One of the offensive stars for the Yankees was Robinson Cano, He hit his 27th homer to give the Yankees a 4-3 lead in the ninth while also driving in Brett Gardner on a ground out to the shortstop in the first. Cano had two hits and his homer was his 100th RBI of his season. His homer was one of three that the Yankees slugged in the win over Buck Showalter and the Orioles.

Curtis Granderson (.248) hit a deep homer to right in the fifth inning to pull the Yankees within a run of the Orioles. It was his fifth homer of the season in 45 games played. Granderson was the only player on the team besides Cano to record two hits. He is hitting .333 in his last nine at-bats, which is obviously a small sample size, but the Yankees need him to continue that level of production.

Alex Rodriguez hit the other home run for the Bronx Bombers. His solo homer to right in the sixth inning tied the game. That home run gave him 653 for his career. He is now eight homers away from passing Willie Mays for fourth on the all-time homer list. However, A-Rod’s homer total is obviously tainted.

The Yankees will try for the series win on Thursday against the Orioles. If they win their third game in a row against Baltimore, on Thursday night, it will make sweeping the upcoming series less crucial. The Yankees always want to beat the Red Sox, but after that series, nine of their last 12 games are against last place teams.

The Yankees will look to Phil Hughes to get back on track

Phil Hughes

Phil Hughes

The Yankees won two out of three game in the weekend series against the Baltimore Orioles. However, they definitely had a chance to win the third game on Sunday.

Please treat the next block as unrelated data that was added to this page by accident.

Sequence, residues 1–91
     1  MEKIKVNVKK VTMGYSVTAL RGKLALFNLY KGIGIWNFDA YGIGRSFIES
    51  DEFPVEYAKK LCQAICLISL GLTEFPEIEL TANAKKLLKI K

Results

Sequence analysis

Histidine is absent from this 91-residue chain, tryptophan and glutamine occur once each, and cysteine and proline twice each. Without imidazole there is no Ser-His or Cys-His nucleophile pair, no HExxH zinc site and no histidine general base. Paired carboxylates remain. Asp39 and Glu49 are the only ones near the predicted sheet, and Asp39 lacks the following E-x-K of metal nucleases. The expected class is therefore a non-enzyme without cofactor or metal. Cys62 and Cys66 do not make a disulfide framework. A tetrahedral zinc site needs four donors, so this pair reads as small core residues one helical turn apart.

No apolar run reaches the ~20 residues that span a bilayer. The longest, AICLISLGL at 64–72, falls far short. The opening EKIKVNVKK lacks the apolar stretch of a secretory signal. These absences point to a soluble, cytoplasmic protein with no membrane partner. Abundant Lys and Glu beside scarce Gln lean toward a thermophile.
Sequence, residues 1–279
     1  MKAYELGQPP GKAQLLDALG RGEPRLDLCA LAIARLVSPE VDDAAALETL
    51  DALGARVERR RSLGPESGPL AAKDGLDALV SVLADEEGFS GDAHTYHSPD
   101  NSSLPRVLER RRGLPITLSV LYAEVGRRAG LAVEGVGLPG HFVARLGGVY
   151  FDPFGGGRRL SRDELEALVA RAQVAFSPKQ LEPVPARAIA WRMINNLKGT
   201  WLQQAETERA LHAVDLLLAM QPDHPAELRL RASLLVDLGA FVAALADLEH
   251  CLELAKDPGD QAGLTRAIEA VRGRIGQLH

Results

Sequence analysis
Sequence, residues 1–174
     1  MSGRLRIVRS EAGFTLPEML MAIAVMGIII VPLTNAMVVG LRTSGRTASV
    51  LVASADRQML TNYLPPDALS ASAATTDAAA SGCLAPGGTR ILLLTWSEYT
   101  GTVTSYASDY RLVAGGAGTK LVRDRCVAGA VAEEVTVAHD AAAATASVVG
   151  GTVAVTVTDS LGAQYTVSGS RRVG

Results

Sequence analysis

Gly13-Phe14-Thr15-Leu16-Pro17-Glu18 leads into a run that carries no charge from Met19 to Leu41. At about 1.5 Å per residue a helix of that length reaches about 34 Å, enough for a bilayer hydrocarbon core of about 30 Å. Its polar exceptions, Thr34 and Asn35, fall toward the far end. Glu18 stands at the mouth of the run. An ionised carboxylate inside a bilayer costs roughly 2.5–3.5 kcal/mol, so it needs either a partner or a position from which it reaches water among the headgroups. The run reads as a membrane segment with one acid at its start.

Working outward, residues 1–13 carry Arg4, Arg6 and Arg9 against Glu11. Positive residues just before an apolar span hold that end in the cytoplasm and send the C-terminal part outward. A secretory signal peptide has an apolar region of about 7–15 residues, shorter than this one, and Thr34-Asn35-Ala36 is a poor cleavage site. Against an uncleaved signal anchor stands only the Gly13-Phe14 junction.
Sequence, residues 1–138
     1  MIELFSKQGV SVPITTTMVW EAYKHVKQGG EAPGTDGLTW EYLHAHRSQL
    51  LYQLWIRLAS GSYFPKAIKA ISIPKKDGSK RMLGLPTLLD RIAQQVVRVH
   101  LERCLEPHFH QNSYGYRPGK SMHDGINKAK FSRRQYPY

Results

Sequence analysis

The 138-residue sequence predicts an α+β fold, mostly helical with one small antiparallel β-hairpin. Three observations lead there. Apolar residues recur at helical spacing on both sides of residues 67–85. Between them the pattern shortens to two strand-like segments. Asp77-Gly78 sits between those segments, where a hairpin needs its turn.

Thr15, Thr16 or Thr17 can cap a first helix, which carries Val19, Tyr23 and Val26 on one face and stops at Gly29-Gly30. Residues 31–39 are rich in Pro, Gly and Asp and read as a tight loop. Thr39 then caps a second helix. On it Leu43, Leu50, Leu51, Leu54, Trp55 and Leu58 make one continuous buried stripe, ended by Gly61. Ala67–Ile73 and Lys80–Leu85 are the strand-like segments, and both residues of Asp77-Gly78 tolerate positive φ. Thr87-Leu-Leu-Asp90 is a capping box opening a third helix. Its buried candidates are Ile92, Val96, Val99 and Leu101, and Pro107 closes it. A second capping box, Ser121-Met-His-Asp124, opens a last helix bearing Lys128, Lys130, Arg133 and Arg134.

They were winning 3-0 in the sixth inning when Joe Girardi took Andy Pettitte out of the game with runners on first and second. It made sense that he put Shawn Kelley into the game, since he had prevented a very small amount of inherited runners to score this season, but unfortunately Kelley gave up a single and a home run to J.J. Hardy, which was the start of a seven run inning for the Orioles.

Girardi can’t really be blamed for bringing in Kelley because Pettitte was approaching 100 pitches (93) and that has been his limit this season. He is 41, so it makes sense for him not to throw too many pitches especially because it has been working recently. The bullpen has been very reliable recently and that was a situation where Kelley should have come through for the team.

Another factor that contributed to the loss for the Yankees was that they left 10 men on base and went 1-for-10 with runners in scoring position. For the rest of the season, the Yankees can’t afford to waste opportunities like they did Sunday afternoon.

The Yankees had a chance to move within 2.5 games of a Wild-Card spot if they had won because the Tampa Bay Rays lost yet again to the Oakland Athletics. Their loss on Sunday makes the upcoming series against the Chicago White Sox even more important for the Yankees to sweep.

Phil Hughes, who has a 1.38 ERA in 10 games pitched and six starts against the White Sox, will start Monday afternoon. He has been the least reliable and inconsistent pitcher this season for the Yankees, but Hughes does pitch better at home and has a history of pitching well against Chicago. Hughes, whose 4.91 ERA is one of the worst in baseball, has pitched better recently as he has not allowed more than three runs in his last three starts.